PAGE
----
Or sometimes they just like a piece of art and build a product around it – it’s different every time. I feel like it’s not so much what do I want to do – but how do I create the best art for each situation.
There’s a familiarity to your designs. They feel like classics already. A touch of children’s book illustration mixed with a sophisticated sense of pattern and strong composition. How did you land on your style? Did it evolve over time?
Thank you!! That’s a really nice thing to say! I hope I’m getting better? It definitely evolved over time. I am self taught and I really didn’t know what I was doing in the beginning. Haha! My style came about from me trying to incorporate my favorite things from when I was a kid into my artwork. I like to say that it’s a style that came from both of my grandmas – My grandparents on my mom’s side from Japan visiting and bringing me exciting goodies, my grandparent’s on my dad’s side had a kitschy 50’s style house that I grew up in.
Both of my parents are artistic also! I try to add a level of positivity to my art also. I am trying to pull the best parts of myself and put them into my art. I can be a negative weirdo but you would never know from looking at my artwork. Haha!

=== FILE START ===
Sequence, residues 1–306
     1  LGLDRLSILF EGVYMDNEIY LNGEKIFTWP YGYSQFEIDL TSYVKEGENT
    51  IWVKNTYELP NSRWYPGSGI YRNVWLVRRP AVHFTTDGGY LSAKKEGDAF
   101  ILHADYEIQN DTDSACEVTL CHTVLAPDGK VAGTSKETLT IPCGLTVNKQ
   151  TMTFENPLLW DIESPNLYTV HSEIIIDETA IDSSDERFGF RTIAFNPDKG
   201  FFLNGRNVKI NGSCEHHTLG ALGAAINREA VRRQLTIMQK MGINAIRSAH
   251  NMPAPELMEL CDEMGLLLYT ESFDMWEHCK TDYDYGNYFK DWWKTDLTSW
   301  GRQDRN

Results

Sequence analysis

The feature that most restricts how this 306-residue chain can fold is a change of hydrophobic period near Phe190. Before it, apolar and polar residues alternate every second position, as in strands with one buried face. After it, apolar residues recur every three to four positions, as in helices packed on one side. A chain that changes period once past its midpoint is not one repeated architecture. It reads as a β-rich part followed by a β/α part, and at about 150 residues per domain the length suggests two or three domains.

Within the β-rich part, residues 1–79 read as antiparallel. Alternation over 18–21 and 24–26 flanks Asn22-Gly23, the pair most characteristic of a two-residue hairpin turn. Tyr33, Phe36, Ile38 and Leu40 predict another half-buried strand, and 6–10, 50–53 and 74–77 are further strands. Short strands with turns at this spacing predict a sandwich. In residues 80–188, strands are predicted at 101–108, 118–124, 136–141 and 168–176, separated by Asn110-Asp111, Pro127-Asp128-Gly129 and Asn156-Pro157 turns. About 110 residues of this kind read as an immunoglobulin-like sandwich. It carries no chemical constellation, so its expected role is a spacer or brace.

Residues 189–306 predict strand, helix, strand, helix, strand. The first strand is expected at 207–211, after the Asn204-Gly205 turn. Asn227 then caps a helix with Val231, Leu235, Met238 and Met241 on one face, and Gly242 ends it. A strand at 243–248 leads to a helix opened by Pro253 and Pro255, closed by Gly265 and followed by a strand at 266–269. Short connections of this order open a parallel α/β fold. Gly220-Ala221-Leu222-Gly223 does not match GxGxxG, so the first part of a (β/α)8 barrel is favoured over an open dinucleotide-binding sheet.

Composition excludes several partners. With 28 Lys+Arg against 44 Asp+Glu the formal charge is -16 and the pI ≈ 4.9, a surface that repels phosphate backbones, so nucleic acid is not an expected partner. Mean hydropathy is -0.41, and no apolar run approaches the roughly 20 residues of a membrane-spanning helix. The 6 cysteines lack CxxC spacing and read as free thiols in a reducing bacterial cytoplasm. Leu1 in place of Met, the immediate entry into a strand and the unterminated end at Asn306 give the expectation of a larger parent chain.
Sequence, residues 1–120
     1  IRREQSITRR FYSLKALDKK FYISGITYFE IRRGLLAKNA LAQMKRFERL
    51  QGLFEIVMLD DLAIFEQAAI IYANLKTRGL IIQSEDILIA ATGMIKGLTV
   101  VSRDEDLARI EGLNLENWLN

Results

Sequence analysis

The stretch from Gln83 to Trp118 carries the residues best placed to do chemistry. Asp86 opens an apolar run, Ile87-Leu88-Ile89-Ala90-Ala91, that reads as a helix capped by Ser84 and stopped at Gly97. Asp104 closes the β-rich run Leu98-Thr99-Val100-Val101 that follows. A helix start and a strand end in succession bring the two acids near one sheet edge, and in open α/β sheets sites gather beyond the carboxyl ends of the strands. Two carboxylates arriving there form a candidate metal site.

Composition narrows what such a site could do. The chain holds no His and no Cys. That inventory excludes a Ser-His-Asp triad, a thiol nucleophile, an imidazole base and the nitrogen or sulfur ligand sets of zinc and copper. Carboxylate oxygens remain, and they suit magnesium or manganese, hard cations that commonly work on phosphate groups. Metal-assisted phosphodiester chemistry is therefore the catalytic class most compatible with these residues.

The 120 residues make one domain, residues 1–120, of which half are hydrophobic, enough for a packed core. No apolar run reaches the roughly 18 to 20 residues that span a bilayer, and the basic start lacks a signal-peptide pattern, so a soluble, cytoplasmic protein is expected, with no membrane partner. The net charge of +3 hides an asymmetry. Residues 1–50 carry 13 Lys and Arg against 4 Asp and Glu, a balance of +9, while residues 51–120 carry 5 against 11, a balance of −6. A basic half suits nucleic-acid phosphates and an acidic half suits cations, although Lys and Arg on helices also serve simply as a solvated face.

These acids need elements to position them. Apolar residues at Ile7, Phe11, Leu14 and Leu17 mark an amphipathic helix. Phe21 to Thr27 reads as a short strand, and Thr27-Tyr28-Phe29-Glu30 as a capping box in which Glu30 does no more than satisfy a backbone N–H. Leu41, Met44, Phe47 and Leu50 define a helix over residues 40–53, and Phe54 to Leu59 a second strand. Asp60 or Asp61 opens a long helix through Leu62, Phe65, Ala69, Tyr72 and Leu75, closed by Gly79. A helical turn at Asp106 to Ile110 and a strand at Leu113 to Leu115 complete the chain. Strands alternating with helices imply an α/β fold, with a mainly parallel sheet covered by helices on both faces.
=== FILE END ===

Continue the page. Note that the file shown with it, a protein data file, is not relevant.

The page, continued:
Some of your pieces are incredibly detailed, like the ‘Super Mini Universe’ and ‘Magical Times’ image on the tote bag. When doing something so vast, what do you start with? Is there a rough draft stage? How planned out is something like ‘Magical Times’?
It usually just starts as an idea – Super Mini Universe was something I worked on a little bit every day for 6 months. I wanted it to be a year long project – but other priorities kept popping up. I would usually just sketch out chunks and then re-draw them in Illustrator. For Magical Times – that was just a 2am idea drawn in 4-5 hours. Sometimes things just happen!
Your work ends up as plush toys, bags, prints, and 3D cut out pieces. Do you approach each differently? Does each design start out the same despite what the end product will be?
Usually it just starts with a bunch of character illustrations and then I work it into the product and add elements so that it makes sense.
How do you know when a design is done? How aware are you of working on a piece too much?
Not to be corny – but I think you just know! I know when things aren’t going the way I want them to and I will walk away from a project. Or just delete out the pieces I don’t like. I can tell when I try to force things. Sometimes I finish pieces with parts that I don’t like.
Then those parts always stand out to me! But sometimes you just have to finish something. Plus no one has to know about your inner turmoil, the universe might love it just the way it is.
Have you done Comic Con or any type of convention like that to get your work out there? What worked best for you in terms of getting your work seen?